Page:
Weird tone is the biggest mystery in ‘Gone Girl’

  • By Robert Horton Herald Movie Critic
  • Wednesday, October 1, 2014 3:37pm
  • LifeGo-See-Do

You’ve got to admire the confidence of “Gone Girl”: this truly odd movie coughs up a bizarre story line mixed with comic social commentary, but it never loses its swagger. Being the eagerly awaited adaptation of a best-selling page-turner will encourage that kind of attitude, I guess.

Gillian Flynn’s 2012 novel has a few twists up its bloodied sleeve, but we’ll be discreet here. The story begins with the disappearance of Amy (Rosamund Pike) from her unloved Missouri home, and escalates into a media circus as suspicion is cast on her husband Nick (Ben Affleck).

Nick has the help of his sister (Carrie Coon) and a celebrity lawyer (Tyler Perry, excellent), but his status in the public eye is dismal. Meanwhile, we see excerpts from Amy’s diary, which fill in the picture of a marriage gone sour.

The TV-style cops on the case are quirkily played by Kim Dickens and Patrick Fugit. In fact, part of the kick of “Gone Girl” is the unexpected cast. This includes “Madea” man Tyler Perry playing it straight, Neil Patrick Harris and Scoot McNairy as eccentric exes from Amy’s past, and model Emily Ratajkowski as a young woman of intrigue.

Affleck brings his doofus side out, looking beefy and just a bit slow on the uptake. Pike, who’s gone good duty in “Jack Reacher” and “The World’s End,” is ideal for the smart but super-controlling Amy.

This story might have been a clean, dark suspense tale. But Flynn (who adapted the screenplay herself) and “Zodiac” director David Fincher have gone in an unexpected direction — it’s the biggest twist of all. “Gone Girl” is not a thriller but a satire, one that reaches for things to say about modern society, and all that.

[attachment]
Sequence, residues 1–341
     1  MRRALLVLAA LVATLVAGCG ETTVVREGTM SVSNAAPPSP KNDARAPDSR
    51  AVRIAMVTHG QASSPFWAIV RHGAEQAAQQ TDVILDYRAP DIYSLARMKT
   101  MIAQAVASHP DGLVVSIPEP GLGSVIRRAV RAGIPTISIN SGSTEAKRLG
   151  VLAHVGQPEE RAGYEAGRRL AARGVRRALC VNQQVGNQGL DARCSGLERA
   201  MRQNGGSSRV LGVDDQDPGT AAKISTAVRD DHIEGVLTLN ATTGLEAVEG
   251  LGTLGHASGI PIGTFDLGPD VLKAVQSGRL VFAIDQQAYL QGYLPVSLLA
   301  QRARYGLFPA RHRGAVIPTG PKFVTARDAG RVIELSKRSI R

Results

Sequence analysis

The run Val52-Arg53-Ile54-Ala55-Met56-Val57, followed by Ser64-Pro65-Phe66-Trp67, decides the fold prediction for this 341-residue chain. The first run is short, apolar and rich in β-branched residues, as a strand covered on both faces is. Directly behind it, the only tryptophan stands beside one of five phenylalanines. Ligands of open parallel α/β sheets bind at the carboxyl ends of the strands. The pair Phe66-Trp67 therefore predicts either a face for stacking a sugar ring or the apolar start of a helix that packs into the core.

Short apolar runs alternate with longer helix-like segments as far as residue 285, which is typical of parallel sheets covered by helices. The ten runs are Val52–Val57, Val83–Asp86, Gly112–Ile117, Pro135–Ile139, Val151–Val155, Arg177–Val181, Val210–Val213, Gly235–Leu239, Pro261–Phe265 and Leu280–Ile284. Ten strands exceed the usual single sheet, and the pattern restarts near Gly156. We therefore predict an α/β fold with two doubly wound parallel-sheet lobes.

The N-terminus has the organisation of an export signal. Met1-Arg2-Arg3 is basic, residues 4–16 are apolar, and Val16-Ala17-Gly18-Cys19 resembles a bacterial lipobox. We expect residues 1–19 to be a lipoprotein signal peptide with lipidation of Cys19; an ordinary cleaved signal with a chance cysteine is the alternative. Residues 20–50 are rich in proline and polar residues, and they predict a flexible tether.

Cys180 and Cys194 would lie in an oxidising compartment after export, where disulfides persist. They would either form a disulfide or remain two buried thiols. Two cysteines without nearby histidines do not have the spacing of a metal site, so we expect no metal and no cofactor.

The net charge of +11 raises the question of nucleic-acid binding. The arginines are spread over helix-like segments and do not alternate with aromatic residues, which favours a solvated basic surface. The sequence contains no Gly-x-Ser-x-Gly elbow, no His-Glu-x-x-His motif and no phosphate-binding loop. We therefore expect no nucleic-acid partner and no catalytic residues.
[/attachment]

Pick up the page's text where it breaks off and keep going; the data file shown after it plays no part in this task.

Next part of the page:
The peculiar tone takes some getting used to. Yes, there’s a woman missing and evidence of violence, but these cops sure are funny.

Fincher is a gifted filmmaker, although the role of social satirist (as in “Fight Club,” or “The Social Network”) is not his best mode. Most of the targets here, from media goons to suburban small-mindedness, are past their freshness date.

Some of this is redeemed by the film’s eerie momentum, even when the chronology flips back and forth. Scenes quickly fade to black and then just as quickly come up on some new revelation.

Weird film. “Gone Girl” is an outlandish subject with an A-list treatment, and its cynicism is striking. An interesting spectacle to watch, for sure, but for me the movie rings hollow at its core.

“Gone Girl” (2 1/2 stars)

A missing wife (Rosamund Pike) and a husband (Ben Affleck) under suspicion are the ingredients of this truly odd adaptation of Gillian Flynn’s bestseller. Director David Fincher goes for social satire — the movie isn’t really much of a thriller — which gives the whole thing a hollow ring. Great cast, including Tyler Perry and Neil Patrick Harris.

Rating: R, for nudity, violence, language

Showing: Alderwood Mall, Cinebarre Mountlake Terrace, Everett Stadium, Galaxy Monroe, Marysville, Stanwood Cinemas, Meridian, Sundance Cinemas Seattle, Thornton Place Stadium 14, Woodinville, Cascade Mall.

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